Hollywood studios and other content providers have been in a fight for years over anti-piracy laws, making their case in courts of law and public opinion.
Now, they are taking their appeal for an understanding of the law—which they say should recognize their proprietary claims to sole use of copyrighted material they produce—to a captive audience they hope will be influential in the years to come: elementary school children.
The publication Wired says a nearly-completed draft of a curriculum being developed for California K-6 schools presents a one-sided view of intellectual property which, in the words of Electronic Frontier Foundation attorney Mitch Stoltz, is “thinly disguised corporate propaganda” that is “inaccurate and inappropriate.”
The curriculum, called “Be a Creator,” uses a video and teacher talking points to argue that, without exception, it is wrong and illegal to use the works of others without permission in creating your own works. Doing so is likened to cribbing answers to test questions from a fellow student. Wired quotes a teacher worksheet that asserts, “In the digital world, it’s harder to see the effects of copying, even though the effects can be more serious.”
In other words, copyright infringement is always illegal. No exceptions. Except, in the real world, there are some.
The instructional material makes no mention of the legal doctrine of fair use, which allows for the reproduction of copyrighted material for use in criticism, comment, news reporting, teaching, scholarship and research. It is an evolving area of law, influenced heavily by emerging technologies, which plays a prominent role in ongoing court cases.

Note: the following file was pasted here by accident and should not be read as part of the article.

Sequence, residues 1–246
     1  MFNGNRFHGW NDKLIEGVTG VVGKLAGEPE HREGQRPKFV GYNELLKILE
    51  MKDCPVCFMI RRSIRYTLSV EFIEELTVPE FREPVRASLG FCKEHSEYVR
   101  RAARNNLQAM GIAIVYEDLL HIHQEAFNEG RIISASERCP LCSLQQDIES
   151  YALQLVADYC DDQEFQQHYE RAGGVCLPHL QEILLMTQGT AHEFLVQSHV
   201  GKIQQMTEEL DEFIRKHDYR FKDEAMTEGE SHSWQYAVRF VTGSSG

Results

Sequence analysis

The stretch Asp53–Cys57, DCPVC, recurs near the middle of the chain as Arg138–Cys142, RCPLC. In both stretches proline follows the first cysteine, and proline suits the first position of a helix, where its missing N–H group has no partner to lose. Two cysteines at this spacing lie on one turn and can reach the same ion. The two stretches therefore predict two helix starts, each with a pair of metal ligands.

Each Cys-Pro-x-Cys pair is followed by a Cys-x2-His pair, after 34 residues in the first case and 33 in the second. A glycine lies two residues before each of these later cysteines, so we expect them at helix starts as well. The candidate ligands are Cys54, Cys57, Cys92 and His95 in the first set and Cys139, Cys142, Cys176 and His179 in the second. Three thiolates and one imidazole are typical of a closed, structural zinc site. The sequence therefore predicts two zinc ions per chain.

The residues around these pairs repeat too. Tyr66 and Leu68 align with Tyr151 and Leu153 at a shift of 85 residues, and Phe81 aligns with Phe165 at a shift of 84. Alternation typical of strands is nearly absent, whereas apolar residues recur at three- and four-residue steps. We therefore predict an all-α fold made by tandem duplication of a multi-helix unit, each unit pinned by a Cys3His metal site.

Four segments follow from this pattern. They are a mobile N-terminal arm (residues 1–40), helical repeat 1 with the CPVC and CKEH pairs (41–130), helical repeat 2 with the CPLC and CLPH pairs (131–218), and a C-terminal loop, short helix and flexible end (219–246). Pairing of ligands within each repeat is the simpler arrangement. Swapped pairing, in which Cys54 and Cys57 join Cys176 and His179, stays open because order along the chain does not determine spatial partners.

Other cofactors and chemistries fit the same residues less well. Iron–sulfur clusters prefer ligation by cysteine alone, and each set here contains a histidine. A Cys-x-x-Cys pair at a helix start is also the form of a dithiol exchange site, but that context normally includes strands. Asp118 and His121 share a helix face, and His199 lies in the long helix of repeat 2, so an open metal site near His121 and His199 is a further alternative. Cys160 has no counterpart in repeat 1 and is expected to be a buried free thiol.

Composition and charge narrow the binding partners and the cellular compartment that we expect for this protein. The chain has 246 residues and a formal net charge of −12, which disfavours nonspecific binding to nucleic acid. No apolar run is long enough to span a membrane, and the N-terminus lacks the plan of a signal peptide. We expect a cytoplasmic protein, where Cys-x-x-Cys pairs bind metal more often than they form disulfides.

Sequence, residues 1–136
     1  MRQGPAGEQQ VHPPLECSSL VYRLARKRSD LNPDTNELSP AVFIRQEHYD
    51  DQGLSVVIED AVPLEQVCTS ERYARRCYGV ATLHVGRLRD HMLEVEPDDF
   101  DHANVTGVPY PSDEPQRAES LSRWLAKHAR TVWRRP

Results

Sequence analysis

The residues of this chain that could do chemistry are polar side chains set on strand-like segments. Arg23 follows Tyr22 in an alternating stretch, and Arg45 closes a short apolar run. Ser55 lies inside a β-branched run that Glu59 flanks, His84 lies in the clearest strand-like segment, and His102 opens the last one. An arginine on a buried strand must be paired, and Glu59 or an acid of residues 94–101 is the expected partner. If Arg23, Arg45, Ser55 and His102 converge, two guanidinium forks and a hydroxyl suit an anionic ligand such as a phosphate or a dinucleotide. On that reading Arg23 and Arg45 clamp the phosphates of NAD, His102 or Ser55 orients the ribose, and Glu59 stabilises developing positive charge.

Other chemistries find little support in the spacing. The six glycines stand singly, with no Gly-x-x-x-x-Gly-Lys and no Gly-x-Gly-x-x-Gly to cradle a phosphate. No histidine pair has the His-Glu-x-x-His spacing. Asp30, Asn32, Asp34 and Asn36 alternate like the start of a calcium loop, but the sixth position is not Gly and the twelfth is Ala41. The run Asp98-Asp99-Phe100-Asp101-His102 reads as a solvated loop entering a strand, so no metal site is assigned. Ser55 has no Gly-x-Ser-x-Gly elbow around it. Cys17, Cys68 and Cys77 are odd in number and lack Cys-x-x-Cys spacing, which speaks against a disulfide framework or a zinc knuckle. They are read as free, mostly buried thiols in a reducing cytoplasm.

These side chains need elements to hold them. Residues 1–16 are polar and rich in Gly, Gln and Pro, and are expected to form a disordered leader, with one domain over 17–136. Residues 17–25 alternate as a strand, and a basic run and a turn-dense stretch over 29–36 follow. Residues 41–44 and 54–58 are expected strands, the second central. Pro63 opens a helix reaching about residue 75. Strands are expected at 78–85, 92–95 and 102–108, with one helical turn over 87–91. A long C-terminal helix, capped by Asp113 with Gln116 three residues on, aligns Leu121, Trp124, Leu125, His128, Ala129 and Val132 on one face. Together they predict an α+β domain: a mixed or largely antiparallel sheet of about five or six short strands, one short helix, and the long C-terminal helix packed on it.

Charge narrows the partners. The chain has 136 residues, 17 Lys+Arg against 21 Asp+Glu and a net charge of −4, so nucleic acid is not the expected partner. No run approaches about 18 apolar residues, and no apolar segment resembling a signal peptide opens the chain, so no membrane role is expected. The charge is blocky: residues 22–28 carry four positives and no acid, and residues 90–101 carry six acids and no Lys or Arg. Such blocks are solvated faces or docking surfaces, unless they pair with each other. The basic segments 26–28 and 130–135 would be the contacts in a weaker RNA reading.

But the authors of the developing curriculum argue that its inclusion would only confuse the kids. Marsali Hancock, president of the Internet Keep Safe Coalition (iKeepSafe), which helped craft the curriculum, said “fair use” will be included in materials developed at a later date for older students.
Although “fair use” is beyond them, kids are ready in the 5th grade for an introduction to the Creative Commons license, which in so many words makes clear that copying stuff to your iPad, iPod, desktop or other device is not legal.
The groups working on the curriculum take a narrow view of the creative process which fails to recognize that much of what passes for original thought and creation is actually a synthesis of creative works that preceded it. Although copyright law is as complicated as the creative process it attempts to compartmentalize and control, “Be a Creator” simplifies the subject in a way its authors hope will stay with the kids forever.
“We show respect for other artists and their work when we get permission before we use their work,” first-graders are told (pdf). “But taking something without asking is mean.”